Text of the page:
Top Tips for Safer DIving

Any time you jump into the open water, whether its a fresh water lake in the UK or tropical seas abroad, you know you’re taking a risk. Well all sensible divers aspire to minimise the risks involved when entering the depths of the sub-aqua world and we at Waterfront Scuba have compiled our best suggestions to stay safe during your adventures.

 

1. Keep up your Skills

It’s one thing to pass your next qualification, but it’s something else entirely when you work to uphold the skills you have learnt. Should you ever be in the situation where you need to remove and replace your mask at depth, or recover your regulator, then the more practice you have the better! Not only will you become more aware of your strengths and weaknesses but also you will learn not to panic in a situation that doesn’t go as planned.

 

2. Dive with a regular Buddy

Diving with a regular partner can greatly improve your safety under water. A regular buddy or group of buddies in a club will learn about your skills and your abilities under water and will be able to understand better than any one else could how you react in certain situations. Diving with someone you have spent a lot of time with both in and out of the water means they are more aware of you and your skillset than many other people would be. Should something go wrong, they know exactly how you will react and put faith in you as you do in them.

 

3. Plan your dive, Dive your plan

Diving to a plan is one of the first things you would have been taught in your PADI Open Water course and yet it is one thing many divers neglect. Having a plan means that not only do both you and your buddy know each others intentions but it also means that other party members on the surface will know where you should surface and how long you should be under for. Knowing all of this means that should something go wrong, everyone is more aware of what might happen.

 

4. Speak to others

There is a lot to be learnt from fellow divers – and not only instructors and Dive masters. Everyone will have a different approach to diving and different tips and tricks they have picked up throughout their time diving. Other people will have different ways of setting up their kit that you might prefer to your current set up, or they might have tips on how to react in an emergency situation. Knowledge can be a powerful thing and when diving, knowing exactly how to react could just save your life.

5. Back up situations

Carrying back up equipment is without a doubt one of the best things you can do to prevent an emergency situation. Having a back up torch for when your main gives up inside a wreck means you will be able to find your way out safely, carrying a redundancy cylinder/stage gives you extra breathing gas (whether it’s air, nitrox, trimix or heliox) which might just prevent you from panicking in the event of a free flow. Having back ups of anything you can is a rule for most seasoned divers, and some clubs such as us at Waterfront, actively promote the use of a redundancy stage in the case of an emergency.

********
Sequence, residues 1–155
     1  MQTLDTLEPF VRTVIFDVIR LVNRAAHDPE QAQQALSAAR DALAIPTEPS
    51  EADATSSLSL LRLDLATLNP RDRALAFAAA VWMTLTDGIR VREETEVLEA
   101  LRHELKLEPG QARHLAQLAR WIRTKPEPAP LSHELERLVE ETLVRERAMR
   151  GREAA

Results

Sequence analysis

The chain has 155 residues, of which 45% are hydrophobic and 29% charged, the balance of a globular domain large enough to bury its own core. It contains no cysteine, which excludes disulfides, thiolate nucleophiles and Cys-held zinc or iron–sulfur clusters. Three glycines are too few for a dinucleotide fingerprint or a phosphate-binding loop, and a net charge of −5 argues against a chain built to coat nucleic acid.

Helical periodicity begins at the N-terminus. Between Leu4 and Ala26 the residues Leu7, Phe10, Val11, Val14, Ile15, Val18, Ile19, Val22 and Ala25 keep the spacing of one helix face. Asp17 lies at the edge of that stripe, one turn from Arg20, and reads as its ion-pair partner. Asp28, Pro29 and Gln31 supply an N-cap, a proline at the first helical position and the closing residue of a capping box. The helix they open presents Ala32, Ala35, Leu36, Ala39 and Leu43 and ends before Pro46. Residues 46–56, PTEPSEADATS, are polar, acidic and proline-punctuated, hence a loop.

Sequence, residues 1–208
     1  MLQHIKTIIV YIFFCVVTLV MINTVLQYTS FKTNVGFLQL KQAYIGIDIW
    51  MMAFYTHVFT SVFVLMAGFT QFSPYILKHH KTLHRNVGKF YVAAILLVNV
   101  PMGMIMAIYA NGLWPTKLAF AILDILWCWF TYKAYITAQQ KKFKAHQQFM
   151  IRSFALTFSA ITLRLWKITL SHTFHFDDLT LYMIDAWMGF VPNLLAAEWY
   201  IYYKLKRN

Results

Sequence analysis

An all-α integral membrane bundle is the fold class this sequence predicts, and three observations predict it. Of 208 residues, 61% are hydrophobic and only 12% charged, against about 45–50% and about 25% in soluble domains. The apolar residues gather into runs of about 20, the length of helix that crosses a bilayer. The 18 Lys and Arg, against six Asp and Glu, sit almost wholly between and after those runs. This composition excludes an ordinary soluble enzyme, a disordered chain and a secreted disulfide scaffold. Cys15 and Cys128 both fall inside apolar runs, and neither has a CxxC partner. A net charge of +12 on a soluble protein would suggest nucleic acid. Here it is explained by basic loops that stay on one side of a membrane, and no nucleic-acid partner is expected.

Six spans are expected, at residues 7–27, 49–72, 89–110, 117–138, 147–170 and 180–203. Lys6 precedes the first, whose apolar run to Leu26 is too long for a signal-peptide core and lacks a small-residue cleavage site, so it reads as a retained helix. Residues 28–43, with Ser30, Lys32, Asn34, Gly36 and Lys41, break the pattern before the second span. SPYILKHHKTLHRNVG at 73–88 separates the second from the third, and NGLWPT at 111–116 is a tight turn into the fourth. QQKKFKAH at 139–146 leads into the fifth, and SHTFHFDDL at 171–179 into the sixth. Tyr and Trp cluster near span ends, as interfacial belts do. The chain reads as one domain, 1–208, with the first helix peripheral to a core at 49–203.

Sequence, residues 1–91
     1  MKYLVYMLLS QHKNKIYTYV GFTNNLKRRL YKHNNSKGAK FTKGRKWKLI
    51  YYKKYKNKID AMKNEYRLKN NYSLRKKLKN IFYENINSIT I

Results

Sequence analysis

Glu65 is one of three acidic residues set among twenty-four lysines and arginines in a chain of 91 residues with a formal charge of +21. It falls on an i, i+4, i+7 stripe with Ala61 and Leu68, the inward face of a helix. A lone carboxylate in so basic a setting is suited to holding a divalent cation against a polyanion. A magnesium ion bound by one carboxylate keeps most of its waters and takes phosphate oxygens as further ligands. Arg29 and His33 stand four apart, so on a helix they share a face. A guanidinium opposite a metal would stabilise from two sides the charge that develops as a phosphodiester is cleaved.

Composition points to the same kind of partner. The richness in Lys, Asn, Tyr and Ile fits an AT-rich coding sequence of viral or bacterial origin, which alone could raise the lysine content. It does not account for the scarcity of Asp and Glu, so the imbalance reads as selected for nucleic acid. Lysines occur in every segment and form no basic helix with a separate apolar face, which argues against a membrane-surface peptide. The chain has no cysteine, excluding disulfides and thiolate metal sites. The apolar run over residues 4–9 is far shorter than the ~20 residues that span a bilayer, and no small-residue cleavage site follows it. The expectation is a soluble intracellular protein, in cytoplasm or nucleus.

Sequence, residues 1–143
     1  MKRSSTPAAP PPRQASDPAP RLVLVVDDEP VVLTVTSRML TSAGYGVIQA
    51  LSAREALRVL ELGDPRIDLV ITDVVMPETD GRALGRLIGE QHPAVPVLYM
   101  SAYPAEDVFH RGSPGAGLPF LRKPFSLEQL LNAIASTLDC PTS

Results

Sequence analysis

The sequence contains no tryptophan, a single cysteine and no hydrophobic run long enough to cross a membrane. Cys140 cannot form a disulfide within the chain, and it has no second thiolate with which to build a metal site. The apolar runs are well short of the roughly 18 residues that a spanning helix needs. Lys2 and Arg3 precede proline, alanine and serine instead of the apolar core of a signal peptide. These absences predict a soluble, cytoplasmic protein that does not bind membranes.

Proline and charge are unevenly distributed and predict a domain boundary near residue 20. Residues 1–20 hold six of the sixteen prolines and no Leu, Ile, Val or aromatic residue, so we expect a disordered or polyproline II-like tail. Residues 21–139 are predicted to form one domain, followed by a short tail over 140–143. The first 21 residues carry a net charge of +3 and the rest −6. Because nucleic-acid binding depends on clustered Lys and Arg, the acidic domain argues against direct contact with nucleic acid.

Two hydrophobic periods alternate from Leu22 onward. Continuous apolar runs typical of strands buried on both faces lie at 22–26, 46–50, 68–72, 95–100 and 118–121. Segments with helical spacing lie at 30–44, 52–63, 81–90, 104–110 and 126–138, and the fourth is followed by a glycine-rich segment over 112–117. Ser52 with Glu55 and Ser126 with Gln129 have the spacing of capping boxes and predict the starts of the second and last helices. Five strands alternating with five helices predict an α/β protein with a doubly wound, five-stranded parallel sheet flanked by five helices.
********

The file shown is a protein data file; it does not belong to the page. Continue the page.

6. Confidence is key, but respect the elements

There is such as thing as being ‘too confident’. Jumping into the open seas with a maverick attitude is one of the main causes of scuba diving related incidents – but that’s not to say confidence is a bad thing. Being confident in the water can not only make way for a much more enjoyable dive, but can also put those more nervous at ease. Being confident can only come through thorough practice, as well as knowing what to do if things go wrong, just remember though that water is a powerful force and can be very unpredictable so show it some respect.

7. Check Dives

Making a check dive whilst on a dive holiday can be extremely beneficial. Check dives give you the chance to get in the water and take in the wondrous sights but at a shallow depth where you can adjust your kit as needed, to gather your orientation of the waters and to find neutral buoyancy. Having done all of this on your first dive means that you are more prepared and acclimatised when you undertake your following dives.

8. Find your buoyancy

Attaining peak performance buoyancy can not only make you more relaxed and comfortable under water, it also means that you’ll be using less air as your not constantly adjusting your BCD/Drysuit.
It also means that should an emergency situation arise, you are more able to react swiftly and effectively compared to how you would if you were positively or negatively buoyant.

9. Log your experiences

Every good diver keeps a log book of their dives. Each dive is a different dive and over time you learn from your experience – what went wrong, what could have been done better and what was good.
Being able to reflect back on your experiences accurately means that you can draw on your good dives and re-enact what happened on that dive. Alternatively if a dive didn’t go too well, you can look back and assess the areas that had room for improvement.

10. Have Fun!

Having fun is possibly the most important of all these points – when you enjoy diving you naturally become less nervous anxious, while replacing these feelings with positivity and confidence. All divers enter the water for their own personal reasons, for some it is a challenge they want to overcome, while for others it’s the adventure into the unknown. Either way, having fun makes it easier for you to reach your goals and be safer in the process.

 

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